United States Military Academy West Point - Howitzer Yearbook (West Point, NY)

 - Class of 1972

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United States Military Academy West Point - Howitzer Yearbook (West Point, NY) online yearbook collection, 1972 Edition, Cover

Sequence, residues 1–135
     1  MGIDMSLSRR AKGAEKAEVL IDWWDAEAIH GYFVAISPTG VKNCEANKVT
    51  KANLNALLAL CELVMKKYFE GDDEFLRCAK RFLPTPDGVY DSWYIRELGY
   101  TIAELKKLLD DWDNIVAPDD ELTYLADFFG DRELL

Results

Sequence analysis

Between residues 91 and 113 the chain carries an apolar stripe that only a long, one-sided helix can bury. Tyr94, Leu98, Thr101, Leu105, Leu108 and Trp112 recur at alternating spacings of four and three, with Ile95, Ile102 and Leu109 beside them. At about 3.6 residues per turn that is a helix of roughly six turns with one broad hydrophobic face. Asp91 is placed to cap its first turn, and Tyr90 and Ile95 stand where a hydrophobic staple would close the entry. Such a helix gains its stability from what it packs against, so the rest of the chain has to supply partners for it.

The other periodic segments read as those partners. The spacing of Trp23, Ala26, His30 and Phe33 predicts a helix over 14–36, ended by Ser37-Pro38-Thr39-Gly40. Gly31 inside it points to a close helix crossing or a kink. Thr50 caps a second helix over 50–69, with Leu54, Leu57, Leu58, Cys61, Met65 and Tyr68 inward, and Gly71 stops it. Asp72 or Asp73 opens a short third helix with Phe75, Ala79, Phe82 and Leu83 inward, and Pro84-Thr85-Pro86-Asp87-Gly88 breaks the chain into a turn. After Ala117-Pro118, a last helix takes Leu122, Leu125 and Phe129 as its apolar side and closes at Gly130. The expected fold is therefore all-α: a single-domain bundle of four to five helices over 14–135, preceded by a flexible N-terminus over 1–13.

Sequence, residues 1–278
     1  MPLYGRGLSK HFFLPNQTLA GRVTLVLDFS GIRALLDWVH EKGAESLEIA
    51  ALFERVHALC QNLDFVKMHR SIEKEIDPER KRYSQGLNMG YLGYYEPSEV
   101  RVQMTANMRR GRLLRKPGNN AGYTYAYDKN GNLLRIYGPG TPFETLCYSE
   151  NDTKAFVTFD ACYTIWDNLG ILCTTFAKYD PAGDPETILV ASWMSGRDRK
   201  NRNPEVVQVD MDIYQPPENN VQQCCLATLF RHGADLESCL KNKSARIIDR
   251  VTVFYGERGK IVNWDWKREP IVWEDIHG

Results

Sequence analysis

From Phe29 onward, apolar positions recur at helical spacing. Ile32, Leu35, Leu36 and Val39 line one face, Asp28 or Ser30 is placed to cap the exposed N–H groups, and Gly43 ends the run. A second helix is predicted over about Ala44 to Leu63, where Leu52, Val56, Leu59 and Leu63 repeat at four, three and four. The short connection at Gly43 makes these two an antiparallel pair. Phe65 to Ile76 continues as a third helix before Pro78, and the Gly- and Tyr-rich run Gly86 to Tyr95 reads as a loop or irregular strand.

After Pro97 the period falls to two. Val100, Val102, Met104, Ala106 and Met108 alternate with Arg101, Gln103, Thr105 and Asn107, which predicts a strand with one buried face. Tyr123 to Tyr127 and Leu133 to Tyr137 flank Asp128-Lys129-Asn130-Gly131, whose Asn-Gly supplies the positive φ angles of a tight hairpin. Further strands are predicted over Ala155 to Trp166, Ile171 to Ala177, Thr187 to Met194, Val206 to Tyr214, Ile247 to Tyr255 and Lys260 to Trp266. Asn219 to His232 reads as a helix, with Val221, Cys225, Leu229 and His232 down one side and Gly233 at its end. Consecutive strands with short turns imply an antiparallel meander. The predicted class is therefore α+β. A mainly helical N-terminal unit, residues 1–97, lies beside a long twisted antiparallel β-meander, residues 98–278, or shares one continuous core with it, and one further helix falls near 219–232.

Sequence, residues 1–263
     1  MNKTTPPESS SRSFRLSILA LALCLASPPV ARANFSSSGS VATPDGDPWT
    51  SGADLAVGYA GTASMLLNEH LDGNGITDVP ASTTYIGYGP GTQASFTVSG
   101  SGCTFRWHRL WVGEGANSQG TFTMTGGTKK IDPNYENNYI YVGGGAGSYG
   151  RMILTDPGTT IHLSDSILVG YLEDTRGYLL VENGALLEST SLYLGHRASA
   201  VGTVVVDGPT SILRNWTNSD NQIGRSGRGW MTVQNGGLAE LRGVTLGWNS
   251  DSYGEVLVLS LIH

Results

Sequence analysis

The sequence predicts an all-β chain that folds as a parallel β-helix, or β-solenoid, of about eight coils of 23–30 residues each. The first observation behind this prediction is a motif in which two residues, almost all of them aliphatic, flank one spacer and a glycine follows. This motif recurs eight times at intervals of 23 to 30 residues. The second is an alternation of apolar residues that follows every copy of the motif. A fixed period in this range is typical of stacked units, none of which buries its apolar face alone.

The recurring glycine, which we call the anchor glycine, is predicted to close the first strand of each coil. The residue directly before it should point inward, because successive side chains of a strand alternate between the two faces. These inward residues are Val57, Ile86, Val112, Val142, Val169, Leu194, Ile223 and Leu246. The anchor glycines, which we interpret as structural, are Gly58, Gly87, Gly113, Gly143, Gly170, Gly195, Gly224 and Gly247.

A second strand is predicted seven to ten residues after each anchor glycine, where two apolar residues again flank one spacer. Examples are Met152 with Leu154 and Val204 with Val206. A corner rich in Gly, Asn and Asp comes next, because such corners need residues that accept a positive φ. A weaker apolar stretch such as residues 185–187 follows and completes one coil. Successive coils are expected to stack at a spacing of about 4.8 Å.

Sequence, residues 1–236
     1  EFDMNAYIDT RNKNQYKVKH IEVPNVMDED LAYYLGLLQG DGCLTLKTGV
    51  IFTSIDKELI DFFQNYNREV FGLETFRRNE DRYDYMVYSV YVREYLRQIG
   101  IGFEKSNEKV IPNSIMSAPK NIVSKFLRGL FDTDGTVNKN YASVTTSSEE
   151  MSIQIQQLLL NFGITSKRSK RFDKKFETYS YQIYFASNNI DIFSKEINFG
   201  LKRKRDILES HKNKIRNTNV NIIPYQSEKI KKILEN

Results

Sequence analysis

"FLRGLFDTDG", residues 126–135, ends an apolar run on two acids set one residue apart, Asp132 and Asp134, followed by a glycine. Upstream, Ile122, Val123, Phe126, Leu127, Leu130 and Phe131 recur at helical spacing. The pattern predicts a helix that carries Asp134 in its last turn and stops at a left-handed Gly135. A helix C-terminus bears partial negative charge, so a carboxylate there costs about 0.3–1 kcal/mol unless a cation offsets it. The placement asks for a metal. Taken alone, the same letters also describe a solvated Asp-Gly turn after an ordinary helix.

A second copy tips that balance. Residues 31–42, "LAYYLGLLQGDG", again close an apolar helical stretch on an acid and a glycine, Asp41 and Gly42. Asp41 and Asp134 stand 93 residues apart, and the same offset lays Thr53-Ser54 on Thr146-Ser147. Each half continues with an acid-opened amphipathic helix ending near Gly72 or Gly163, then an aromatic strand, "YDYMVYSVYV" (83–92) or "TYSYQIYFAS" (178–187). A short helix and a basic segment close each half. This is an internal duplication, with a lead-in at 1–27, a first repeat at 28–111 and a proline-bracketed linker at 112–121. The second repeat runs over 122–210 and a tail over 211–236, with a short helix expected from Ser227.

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Text from Pages 1 - 592 of the 1972 volume: